City harbor, waterfront budget detailed
Rockland — The 2,100-passenger cruise ship Eurodam is scheduled to visit Rockland Harbor and its public landing Oct. 7. Its arrival will help to generate much of the cruise ship portion of the city's projected harbor and waterfront revenue in 2014-2015, according to the proposed Rockland city budget.
Rockland's overall harbor revenues are projected to be $190,650 during the 2014-2015 budget year that starts July 1, with total appropriations estimated at $176,788. Each time a large cruise ship enters Rockland Harbor, the city's receives a $7 per passenger fee — regardless of whether the passengers come in to shop or not, said Ed Glaser, city harbormaster.
When they do visit, passengers typically arrive around 7 a.m. and leave by 5 p.m. Cruise ship tender boats holding 70 passengers bring them in to the public landing beside Glaser's office. Last year, three large cruise ships visited Rockland Harbor. Their number of annual visits "is hit or miss," he said.
A much smaller, 100-passenger cruise ship well-known to Rockland Harbor, The Independence, is scheduled to make weekly arrivals on Tuesday evenings starting in June, Glaser said. It is charged by the footage of the vessel rather than the $7 passenger fee. American Cruise Lines of Guilford, Conn., owns The Independence, which makes several other stops along the Maine coast including Bar Harbor, Belfast and Portland.
One proposal sent to the City Council for budget deliberations is whether to approve holding back an extra dollar for each large cruise ship passenger for the Port Development Fund, which is used for harbor improvements. Currently, $2 of each $7 per passenger goes to the Port Development Fund, with the rest going to the city's General Fund.
The ramp at the boat launch at Snow Marine Park needs to be rebuilt, Glaser said, adding that any waterfront improvements involving the Port Development Fund must go before the City Council for approval. Glaser said he likes the idea of using the fund as matching money used for improvements in tandem with state and federal grants.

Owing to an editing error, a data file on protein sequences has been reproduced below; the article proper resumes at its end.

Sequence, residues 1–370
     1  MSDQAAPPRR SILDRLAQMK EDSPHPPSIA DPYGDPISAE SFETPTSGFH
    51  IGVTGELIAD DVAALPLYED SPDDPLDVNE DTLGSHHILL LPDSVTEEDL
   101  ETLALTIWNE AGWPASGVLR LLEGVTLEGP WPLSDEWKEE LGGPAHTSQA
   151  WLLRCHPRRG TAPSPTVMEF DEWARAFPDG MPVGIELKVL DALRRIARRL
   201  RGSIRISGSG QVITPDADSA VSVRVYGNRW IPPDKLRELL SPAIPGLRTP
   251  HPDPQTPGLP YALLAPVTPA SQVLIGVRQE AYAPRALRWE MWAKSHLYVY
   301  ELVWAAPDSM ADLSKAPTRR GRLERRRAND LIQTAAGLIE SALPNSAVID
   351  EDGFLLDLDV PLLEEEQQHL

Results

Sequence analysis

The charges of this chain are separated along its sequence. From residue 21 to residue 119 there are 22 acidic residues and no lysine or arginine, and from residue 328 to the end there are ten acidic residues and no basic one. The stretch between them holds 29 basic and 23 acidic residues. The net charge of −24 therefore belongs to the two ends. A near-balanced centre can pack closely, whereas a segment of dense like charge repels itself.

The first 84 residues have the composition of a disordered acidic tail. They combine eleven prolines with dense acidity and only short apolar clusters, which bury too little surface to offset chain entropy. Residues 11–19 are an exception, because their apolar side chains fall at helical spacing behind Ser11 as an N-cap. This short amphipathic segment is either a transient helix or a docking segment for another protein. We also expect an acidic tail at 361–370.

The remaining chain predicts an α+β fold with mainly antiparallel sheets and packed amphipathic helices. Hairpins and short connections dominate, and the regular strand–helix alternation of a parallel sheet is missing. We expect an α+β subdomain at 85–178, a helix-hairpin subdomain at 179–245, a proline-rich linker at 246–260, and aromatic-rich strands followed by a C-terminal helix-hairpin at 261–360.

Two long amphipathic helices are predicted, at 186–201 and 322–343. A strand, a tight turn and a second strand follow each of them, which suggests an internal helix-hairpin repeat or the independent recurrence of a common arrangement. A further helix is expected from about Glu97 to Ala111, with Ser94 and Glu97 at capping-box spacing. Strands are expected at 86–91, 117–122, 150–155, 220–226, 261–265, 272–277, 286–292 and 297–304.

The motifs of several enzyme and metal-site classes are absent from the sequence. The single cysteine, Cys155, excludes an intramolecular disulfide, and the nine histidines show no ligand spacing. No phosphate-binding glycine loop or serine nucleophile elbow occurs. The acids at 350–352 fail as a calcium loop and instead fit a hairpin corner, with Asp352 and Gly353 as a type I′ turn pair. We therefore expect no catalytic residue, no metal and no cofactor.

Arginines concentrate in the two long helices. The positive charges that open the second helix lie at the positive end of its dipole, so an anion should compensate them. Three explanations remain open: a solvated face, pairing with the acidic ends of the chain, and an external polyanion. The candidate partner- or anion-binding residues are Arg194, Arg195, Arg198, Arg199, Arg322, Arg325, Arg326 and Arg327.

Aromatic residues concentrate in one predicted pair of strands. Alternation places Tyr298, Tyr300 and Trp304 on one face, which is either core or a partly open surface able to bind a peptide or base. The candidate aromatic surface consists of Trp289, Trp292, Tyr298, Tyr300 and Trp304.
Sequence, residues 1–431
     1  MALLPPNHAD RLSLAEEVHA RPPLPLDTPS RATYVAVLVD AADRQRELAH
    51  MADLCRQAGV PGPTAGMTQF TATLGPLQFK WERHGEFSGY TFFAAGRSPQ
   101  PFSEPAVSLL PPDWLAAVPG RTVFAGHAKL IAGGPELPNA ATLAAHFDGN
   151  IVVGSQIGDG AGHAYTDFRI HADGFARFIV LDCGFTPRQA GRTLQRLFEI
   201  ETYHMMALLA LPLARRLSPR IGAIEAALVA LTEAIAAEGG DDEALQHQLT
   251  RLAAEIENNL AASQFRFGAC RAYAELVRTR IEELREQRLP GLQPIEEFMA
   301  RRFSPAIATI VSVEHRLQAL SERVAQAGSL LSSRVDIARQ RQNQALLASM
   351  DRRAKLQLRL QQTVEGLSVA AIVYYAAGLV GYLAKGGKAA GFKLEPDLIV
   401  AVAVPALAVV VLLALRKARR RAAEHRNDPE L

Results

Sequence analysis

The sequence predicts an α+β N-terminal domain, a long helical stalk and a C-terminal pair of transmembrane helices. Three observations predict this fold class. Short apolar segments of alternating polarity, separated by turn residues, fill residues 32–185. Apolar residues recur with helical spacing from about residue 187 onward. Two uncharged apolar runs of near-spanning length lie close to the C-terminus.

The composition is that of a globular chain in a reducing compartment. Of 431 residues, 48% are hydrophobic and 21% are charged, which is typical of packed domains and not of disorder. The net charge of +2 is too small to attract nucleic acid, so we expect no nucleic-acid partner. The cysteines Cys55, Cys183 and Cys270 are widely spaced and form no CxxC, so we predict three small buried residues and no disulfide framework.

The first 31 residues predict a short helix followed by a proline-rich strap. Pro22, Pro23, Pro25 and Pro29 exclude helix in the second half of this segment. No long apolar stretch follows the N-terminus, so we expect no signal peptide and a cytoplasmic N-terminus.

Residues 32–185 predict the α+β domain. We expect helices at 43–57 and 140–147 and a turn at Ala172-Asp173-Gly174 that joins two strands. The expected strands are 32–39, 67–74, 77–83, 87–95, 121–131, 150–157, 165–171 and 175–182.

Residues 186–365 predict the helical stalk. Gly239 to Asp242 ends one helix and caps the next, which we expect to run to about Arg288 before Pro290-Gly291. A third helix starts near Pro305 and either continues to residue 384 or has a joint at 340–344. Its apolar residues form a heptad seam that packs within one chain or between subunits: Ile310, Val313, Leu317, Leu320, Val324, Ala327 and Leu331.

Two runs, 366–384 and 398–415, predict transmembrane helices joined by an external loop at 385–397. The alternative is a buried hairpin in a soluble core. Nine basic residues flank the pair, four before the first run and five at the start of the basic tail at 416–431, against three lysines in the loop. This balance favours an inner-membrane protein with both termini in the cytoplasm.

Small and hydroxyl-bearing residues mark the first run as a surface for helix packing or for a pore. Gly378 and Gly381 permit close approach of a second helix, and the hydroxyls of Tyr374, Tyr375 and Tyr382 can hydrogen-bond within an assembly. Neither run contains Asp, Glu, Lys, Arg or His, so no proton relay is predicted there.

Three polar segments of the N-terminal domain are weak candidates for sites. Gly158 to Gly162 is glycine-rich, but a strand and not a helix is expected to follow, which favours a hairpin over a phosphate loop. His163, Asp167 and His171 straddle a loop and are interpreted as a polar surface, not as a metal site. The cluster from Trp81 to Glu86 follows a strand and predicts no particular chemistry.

The large majority of city Harbor and Waterfront revenue comes from mooring fees and docking fees, which have held steady in price, Glaser said. The city has a total of about 650 moorings in the harbor, and projects earning $48,000 from mooring permits revenue primarily charged to private commercial boat owners, such as fishermen.
Another $15,000 from mooring rental fees is primarily charged to large marinas such as Ocean Pursuits Marine Services, Knights Marine, Journey's End Marina and Landings Marina, Glaser said.
The city charges a sliding scale for moorings, with the yearly average being about $100 per year, Glaser said. The least expensive mooring fee, $60 yearly, is charged to Rockland residents whose boats are less than 30 feet in length.
The city is also anticipating $52,000 in docking fee revenue, the most common fee for which is $2 per foot of a vessel, per night, for boats less than 50-feet long.
The harbor and waterfront budget is also projecting more than $11,000 in waterfront events revenue stemming from the Blues Festival; Maine Boats, Homes and Harbors Show; Friendship Sloop Days; and a portion of the $14,250 in park permit fees the city will now charge The Maine Lobster Festival.
The majority of Harbor and Waterfront appropriations are for full-time and part-time payroll and benefits, and various types of harbor maintenance, public amenities, and utility costs. Glaser is the only full-time harbor employee, aided by a seasonal assistant harbormaster and two part-time dock stewards.
By the end the summer, the public landing at Harbor Park will have an American with Disabilities Act-approved ramp that is wheelchair-accessible. Glaser is also, without charging the public, offering free online access to a harbor webcam. It can be found at rocklandharbor.info, and then clicking on "webcam" on the upper left side of the page.
Courier Publications reporter Larry Di Giovanni can be reached at 594-4401 or by email at email@example.com.
207 594-4401 ext. 117
Larry Di Giovanni, a veteran journalist with more than 20 years of experience, is returning to his daily reporting roots in order to cover the city of Rockland for The Courier-Gazette. Originally from Athens, Ohio, his family includes one son, Tony.
Di Giovanni has covered news beats ranging from the city of South Lake Tahoe, Calif., to the largest tribal government in the United States — the Navajo Nation. He has also worked as a writer in the public education and higher education fields. He's an animal enthusiast and loves dogs.
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